October 01, 2007
2 min read

Use technology to interact with patients

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Michael D. DePaolis, OD, FAAO
Michael D. DePaolis

I recently attended my son’s middle school open house. While I was impressed by the faculty, facilities and curriculum, I was equally in awe of the learning environment. It is a school in which every teacher has his/her own Web page, complete with daily lesson plans, homework assignments and links to related learning sites. Many of the classrooms are equipped with computers affording students the ability to compose music or implement CAD software.

Then there’s the program whereby foreign language lessons can be downloaded to a student’s iPod. While I glided through a typical school day, one thing became perfectly clear. As a school, they get it. They really get it.

Granted, I recognize that ours is an exceptional school district. It is a district in which teachers, administrators, support personnel and parents work hard to provide the most student-centric learning environment possible. To do such mandates an ongoing effort to “rethink” the way students learn. It requires a continual tweaking of curriculum and the way in which the message is delivered.

While students still must learn the fundamentals – the 3 r’s if you will – they do so in a vastly different way than a few decades ago. This is a group of kids who have grown up with and embrace technology. It’s for just this reason that technology is such an integral part of their learning process. Yes, our school district gets it.

While our school district is certainly on the right track, it does beg one question. Do we get it? As an eye care community – collectively – do we get it? In many respects, the doctor-patient relationship parallels that of the teacher-student. While we might be extremely adept at making the proper diagnosis and implementing an effective treatment plan, a great deal of our success hinges upon patient compliance. In essence, we teach and our patients learn.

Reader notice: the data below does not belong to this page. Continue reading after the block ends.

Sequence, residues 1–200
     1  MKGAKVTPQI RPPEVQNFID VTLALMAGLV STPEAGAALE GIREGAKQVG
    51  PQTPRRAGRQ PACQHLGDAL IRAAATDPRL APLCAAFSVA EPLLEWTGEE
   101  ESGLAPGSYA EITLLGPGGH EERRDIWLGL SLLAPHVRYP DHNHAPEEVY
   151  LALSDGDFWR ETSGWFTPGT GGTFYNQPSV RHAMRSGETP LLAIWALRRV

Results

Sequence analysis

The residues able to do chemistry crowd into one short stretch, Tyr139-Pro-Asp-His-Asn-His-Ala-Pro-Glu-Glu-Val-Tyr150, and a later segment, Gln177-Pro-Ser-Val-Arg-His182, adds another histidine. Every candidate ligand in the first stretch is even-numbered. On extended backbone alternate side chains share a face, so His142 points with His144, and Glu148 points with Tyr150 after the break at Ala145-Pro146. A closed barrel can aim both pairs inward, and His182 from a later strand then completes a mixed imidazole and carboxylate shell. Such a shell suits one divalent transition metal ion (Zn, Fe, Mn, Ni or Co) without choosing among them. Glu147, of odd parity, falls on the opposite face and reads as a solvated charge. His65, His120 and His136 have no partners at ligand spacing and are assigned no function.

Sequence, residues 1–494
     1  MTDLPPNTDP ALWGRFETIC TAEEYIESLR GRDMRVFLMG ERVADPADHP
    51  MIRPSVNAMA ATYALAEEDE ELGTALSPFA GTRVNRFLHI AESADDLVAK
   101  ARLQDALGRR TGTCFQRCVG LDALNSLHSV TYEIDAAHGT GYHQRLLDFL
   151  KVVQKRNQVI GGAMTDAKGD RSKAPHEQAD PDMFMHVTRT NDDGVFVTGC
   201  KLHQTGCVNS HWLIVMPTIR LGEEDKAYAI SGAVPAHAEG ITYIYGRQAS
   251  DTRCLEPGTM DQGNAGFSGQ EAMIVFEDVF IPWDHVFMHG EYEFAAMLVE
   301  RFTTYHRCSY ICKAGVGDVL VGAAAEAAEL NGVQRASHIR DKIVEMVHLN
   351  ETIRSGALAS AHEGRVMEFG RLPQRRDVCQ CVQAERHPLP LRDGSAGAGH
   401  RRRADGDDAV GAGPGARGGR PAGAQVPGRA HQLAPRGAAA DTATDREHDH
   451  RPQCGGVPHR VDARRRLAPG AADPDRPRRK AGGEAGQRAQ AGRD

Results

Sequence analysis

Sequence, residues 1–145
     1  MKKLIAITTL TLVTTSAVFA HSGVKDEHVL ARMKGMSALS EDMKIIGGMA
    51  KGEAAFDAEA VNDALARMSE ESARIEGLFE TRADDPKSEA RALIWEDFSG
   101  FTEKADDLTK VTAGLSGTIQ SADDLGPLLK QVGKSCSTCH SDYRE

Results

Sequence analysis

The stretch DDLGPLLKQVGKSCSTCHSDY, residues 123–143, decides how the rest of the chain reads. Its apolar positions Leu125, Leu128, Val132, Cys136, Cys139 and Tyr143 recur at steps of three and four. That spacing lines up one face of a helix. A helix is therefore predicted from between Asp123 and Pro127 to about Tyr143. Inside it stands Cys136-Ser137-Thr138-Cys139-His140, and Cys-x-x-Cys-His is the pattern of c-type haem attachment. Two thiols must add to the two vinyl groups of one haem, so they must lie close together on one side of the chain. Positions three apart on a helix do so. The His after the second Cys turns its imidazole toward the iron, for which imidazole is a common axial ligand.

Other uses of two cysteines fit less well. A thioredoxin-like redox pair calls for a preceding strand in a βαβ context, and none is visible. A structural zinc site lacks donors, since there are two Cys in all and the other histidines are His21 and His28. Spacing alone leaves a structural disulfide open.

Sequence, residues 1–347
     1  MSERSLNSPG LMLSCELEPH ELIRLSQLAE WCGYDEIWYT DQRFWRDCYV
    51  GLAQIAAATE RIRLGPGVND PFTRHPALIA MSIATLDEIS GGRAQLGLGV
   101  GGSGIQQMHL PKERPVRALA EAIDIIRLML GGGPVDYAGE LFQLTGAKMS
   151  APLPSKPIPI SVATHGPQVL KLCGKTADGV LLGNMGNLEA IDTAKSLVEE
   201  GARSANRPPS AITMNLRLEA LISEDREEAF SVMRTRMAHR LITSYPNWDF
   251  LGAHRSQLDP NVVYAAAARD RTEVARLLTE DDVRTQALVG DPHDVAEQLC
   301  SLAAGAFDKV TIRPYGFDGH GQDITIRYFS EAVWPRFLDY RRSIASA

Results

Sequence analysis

Granted, this might not seem too terribly profound as we all recognize the importance of sound patient communication skills. However, it is a topic that warrants further scrutiny. Simply put, are the ways in which we communicate with our patients contemporary and effective?

Undoubtedly, the cornerstone of effective patient care is communication, and there is no substitute for good chair side dialogue. However, given the time constraints that doctors and patients face today, we don’t always have the luxury of ample time. It is for precisely this reason that adjunctive forms of communication are so critical.

For instance, how should we teach a 12-year-old proper contact lens handling and care techniques? Is 5 minutes of verbal instruction from a technician adequate … or should this be supplemented with a tutorial DVD? Consider the busy young professional for whom you’ve prescribed a new allergy eye drop. To get a status report, do you play “telephone tag” for a week or provide them with your practice e-mail address for ongoing communication? How should you address the 55-year-old female with macular drusen and a family history of age-related macular degeneration? Do you hand her a dated office pamphlet or do you direct her to a reputable Web site for more information on prophylaxis and treatment options?

Undoubtedly, change is inevitable. As health care providers, it’s imperative we change as well, to more effectively serve our patients’ needs. To do so means one thing – you get it.